The recent investment by Vortex in a 644MW wind portfolio operated by EDP Renováveis (EDPR) shows the ambitions the EFG Hermes-managed platform has for the European renewables market. The Middle East-based asset manager intends to more than double its exposure to European assets in the next two years and become the continent’s largest manager of renewables.
Though each of Vortex’s two deals to date have featured only Middle Eastern equity investors, the platform is now attracting attention from Europeans, including large pension funds, according to EFG Hermes managing director Karim Moussa. He believes that the unique structure of the platform is providing a new opportunity for institutions to be active, rather than passive, investors in renewables.
Moussa says: “We have more of an investor friendly approach, unlike classic blind pool GP/LP structures; the platform allows investors to get direct exposure and decide at their own discretion on a deal by deal basis.”
EFG-Hermes was established in Egypt in 1984 and has an extensive presence across the Middle East and North Africa, specialising in investment banking, asset management, securities brokerage and private equity. Its private equity arm has previous experience investing in infrastructure as one of the founding sponsors of the InfraMed fund.
It set up Vortex as a vehicle in which sovereign wealth funds from the Middle East could invest in operational and yielding infrastructure assets outside of the region. EFG Hermes sees European renewables as a good fit for the platform given the growing number of equity opportunities in the market.
The first acquisition by the platform was in 2014 for a 49% stake in EDPR’s French wind portfolio of 334MW, spread across 33 wind farms. The following year it then bid on but failed to win a portfolio of wind assets sold by Enel in Portugal. In April 2016 Vortex agreed the acquisition of a 49% stake in 664MW of wind farms in Spain, Portugal, Belgium and France, again from EDPR.
The majority of this latest €550 million ($622 million) acquisition was funded through debt, with a group of five European banks covering 60% of the transaction costs through a 13-year facility. The remaining costs were met through equity, of which 95% was provided by GCC sovereign wealth funds and 5% was invested by EFG Hermes as seed capital.
Moussa says that its ability to leverage the acquisition with 13-year debt, despite that debt only being secured against a minority stake in the assets, was one of the major reasons it was able to beat out other bidders.
Vortex is not structured in the same way as a typical fund. Investors do not make firm capital commitments to an unspecified number of transactions, instead they sit in a pool and have the option to participate in any deal undertaken by the platform. Vortex identifies potential acquisitions, expresses an interest and then approaches its pool of investors to see which ones are interested in the assets.
There are a number of advantages for investors through this structure. Most significantly, costs are reduced. Investors pay no fee to be a part of the pool, and instead just pay a management fee on transactions they participate in. Vortex also allows investors more flexibility over their exposure and gives them an opportunity to carry out their own due diligence. Vortex acts as a mediator between a vendor and the investors, allowing the latter to ask specific questions and scrutinise documentation ahead of a transaction closing.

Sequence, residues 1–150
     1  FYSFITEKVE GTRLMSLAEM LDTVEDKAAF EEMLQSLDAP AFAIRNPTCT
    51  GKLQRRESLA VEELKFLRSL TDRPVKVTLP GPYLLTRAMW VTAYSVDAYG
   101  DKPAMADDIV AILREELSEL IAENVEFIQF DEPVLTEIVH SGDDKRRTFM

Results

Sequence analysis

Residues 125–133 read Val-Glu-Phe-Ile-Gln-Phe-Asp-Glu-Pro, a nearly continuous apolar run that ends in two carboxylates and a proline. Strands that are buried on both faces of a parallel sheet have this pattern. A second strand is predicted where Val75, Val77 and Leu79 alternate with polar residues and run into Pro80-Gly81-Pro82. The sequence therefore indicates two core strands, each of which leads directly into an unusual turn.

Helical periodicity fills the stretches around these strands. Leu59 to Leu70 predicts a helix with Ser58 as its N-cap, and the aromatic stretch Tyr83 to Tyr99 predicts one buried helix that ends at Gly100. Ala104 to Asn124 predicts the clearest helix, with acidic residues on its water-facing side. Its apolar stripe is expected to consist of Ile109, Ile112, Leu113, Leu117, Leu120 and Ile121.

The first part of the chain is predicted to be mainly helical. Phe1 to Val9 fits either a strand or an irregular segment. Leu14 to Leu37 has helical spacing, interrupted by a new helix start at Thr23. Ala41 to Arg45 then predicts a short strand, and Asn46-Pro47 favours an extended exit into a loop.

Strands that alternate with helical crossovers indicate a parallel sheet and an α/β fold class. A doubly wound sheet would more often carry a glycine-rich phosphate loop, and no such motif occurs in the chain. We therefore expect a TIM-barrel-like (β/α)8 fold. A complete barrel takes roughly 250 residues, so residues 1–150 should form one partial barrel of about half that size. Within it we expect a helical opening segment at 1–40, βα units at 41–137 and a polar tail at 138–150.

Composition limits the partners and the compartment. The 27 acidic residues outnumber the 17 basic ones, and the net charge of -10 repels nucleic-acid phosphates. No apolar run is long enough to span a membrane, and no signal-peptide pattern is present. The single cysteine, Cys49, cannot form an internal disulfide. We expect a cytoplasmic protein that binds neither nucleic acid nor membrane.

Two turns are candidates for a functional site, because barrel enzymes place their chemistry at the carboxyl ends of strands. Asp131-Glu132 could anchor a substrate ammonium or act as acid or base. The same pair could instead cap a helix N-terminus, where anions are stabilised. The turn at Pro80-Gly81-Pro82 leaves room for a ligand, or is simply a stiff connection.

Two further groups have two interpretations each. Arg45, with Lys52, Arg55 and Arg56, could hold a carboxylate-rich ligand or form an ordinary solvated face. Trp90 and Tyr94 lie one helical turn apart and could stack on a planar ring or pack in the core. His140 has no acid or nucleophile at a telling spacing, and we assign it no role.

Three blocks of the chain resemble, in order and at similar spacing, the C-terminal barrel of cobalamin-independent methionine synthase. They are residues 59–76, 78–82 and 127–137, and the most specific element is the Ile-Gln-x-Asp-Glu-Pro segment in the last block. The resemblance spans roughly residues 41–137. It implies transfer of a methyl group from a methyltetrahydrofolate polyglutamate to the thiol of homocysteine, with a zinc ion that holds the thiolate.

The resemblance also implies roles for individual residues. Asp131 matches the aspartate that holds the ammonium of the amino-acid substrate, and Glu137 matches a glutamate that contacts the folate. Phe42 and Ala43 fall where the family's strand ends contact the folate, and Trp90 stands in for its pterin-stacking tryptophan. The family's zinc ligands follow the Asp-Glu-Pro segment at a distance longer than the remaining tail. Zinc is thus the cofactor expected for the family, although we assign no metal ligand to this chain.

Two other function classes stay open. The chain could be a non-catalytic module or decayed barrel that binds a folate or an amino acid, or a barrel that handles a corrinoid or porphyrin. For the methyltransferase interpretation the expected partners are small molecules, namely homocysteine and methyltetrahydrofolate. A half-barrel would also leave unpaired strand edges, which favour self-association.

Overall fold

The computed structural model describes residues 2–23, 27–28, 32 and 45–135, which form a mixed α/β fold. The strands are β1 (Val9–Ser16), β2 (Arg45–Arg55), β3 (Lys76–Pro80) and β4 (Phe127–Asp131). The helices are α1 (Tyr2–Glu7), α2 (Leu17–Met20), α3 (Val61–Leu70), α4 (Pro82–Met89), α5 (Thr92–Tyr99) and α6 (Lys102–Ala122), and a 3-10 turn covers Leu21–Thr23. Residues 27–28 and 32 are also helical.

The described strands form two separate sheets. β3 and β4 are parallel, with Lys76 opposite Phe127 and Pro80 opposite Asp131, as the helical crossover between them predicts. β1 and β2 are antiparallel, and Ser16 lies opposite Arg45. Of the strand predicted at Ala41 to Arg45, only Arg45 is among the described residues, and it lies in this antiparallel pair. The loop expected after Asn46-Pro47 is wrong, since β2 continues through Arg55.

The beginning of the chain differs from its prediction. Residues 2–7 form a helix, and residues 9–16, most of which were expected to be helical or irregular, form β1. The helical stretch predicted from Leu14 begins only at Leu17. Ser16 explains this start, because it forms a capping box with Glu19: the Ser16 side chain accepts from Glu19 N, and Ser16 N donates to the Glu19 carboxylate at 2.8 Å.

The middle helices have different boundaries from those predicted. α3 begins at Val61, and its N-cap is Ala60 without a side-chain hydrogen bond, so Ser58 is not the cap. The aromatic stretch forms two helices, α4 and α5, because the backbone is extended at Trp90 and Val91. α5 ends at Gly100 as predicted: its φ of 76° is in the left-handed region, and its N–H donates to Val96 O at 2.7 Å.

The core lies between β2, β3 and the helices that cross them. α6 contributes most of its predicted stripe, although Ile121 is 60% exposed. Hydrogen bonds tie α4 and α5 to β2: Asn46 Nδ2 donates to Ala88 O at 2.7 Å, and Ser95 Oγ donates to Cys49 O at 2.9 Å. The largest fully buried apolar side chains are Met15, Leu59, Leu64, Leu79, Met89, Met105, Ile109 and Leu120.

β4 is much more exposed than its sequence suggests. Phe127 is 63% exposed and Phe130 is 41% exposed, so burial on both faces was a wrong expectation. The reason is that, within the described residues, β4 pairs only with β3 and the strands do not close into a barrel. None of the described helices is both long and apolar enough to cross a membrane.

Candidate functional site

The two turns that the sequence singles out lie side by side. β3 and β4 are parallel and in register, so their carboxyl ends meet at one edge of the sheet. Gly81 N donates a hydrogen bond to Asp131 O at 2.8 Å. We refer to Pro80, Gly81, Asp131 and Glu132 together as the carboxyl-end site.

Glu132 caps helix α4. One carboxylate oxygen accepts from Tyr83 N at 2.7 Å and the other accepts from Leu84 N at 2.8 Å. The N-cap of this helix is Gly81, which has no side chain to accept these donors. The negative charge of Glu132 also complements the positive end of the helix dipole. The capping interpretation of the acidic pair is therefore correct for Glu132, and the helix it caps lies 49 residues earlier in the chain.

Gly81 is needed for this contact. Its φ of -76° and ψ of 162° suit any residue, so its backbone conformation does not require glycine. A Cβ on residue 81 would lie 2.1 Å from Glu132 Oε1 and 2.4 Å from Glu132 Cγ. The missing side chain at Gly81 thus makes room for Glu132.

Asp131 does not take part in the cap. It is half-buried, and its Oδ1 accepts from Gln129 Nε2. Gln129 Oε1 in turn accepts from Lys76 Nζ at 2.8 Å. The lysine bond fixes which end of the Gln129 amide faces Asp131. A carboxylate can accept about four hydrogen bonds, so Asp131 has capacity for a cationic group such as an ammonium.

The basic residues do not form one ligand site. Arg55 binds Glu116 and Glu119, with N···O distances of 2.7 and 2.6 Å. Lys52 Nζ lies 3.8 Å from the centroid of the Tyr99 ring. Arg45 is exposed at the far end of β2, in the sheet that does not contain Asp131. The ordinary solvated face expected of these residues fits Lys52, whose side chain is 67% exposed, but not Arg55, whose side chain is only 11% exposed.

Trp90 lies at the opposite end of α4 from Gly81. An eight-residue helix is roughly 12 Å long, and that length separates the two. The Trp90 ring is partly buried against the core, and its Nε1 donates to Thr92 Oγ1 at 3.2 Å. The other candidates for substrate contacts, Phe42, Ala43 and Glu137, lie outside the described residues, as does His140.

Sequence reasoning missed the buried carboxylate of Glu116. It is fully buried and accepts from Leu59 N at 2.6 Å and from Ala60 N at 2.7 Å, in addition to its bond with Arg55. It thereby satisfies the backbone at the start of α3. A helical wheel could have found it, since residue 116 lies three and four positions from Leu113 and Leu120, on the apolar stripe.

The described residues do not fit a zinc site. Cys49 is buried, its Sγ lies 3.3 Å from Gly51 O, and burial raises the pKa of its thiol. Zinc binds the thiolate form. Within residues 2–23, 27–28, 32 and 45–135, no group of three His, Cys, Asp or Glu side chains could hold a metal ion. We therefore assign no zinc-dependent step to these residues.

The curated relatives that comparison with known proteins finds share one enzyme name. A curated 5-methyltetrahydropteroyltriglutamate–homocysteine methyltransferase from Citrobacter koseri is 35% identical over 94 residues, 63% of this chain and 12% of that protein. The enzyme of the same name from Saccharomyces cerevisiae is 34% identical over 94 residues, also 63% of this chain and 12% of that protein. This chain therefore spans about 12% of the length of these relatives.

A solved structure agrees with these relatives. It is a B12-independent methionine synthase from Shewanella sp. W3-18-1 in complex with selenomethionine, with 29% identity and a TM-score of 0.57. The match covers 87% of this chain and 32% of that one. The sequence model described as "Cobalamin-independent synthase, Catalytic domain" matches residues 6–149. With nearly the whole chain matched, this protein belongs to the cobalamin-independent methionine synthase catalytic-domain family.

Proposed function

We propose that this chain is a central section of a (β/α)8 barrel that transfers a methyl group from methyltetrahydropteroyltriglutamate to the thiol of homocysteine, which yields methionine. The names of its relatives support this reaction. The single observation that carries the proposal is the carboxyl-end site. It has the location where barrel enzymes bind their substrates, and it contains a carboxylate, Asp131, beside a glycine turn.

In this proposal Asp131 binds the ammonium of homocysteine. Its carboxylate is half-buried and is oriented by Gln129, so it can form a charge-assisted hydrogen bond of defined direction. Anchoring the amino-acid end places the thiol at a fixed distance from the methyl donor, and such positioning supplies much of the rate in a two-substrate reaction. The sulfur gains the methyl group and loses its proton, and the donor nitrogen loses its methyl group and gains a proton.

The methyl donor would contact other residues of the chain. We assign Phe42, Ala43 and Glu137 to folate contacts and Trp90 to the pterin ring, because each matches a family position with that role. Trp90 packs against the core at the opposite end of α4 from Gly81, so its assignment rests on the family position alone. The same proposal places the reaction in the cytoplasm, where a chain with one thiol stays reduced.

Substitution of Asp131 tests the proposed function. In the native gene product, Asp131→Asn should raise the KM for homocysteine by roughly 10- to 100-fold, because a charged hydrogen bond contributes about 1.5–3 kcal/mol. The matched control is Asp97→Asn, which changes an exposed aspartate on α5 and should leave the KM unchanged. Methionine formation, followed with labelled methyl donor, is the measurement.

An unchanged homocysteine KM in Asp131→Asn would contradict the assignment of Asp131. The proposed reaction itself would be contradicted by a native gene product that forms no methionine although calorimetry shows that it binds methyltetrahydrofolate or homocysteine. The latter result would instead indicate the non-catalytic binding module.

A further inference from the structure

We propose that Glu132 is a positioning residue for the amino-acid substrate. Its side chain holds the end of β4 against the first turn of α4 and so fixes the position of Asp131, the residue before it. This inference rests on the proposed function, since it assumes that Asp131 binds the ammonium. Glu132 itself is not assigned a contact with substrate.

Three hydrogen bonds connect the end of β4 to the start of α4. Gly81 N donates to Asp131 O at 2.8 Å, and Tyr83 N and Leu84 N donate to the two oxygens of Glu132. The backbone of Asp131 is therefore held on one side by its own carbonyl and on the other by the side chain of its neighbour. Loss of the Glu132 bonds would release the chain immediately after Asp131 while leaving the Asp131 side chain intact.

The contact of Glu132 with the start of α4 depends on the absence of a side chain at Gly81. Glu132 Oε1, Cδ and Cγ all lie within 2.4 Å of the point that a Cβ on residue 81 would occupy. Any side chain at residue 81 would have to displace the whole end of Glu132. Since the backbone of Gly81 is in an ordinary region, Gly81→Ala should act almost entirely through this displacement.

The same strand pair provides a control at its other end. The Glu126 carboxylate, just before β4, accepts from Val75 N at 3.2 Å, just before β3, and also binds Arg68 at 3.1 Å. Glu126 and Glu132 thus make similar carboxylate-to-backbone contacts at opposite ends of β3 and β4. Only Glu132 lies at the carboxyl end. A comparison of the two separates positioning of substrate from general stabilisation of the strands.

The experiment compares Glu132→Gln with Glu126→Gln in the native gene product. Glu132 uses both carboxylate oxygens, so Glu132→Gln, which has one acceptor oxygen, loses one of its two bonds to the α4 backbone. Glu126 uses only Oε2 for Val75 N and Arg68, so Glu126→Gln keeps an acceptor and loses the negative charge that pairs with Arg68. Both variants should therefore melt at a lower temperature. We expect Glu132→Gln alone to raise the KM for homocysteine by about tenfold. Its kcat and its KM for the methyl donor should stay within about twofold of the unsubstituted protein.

Moussa says that this quasi-direct investment structure was created to meet growing appetite from institutional investors to be more directly involved in infrastructure transactions. The platform targets large minority stakes, which gives it an active role in the management of the assets but does not give it a controlling shareholding. Both of the portfolios that Vortex has invested in to date continue to be operated by EDPR.
Moussa says its next deal is likely to be in solar or offshore wind and completed in the next 12 months. “Spain is an interesting market for us,” he says. “A lot of other investors are not there because they have had their fingers burned but we see an opportunity. We like Portugal a lot. France is a core market but more fragmented and more competitive”.
The platform has appetite for offshore wind, but the total value of these assets can be prohibitive. In order to acquire more than just passive stakes, a large amount of capital would need to be invested, making many of these assets out of reach for Vortex. Moussa says however that they are tracking a couple of opportunities in the sector.
“Our sweet spot for investments is €100 million to €200 million in equity but we can go higher or lower”, Moussa says.
Attracting additional investors into the Vortex pool may help to increase its appetite for larger deals. “We usually fund our deals using our own balance sheet and sovereign capital from the GCC but we are also increasingly targeting European institutional co-investors”, Moussa says. Some European pension funds have apparently expressed an interest.
A larger pool of investors could create added complications however.
Deals to date have typically involved between one and three investors, with little competition between them. Moussa says that Vortex is working on a system whereby investors are automatically allocated an option to participate in deals which fit with their particular investment criteria. The investors would still be able to opt out of the transaction, and all those that opt in would split the exposure between them. These plans are at an early stage however.
In the medium-term, the platform plans to invest between €200 million and €300 million in equity each year in Europe and increase its net owned capacity from 489MW to 1GW in the next couple of years.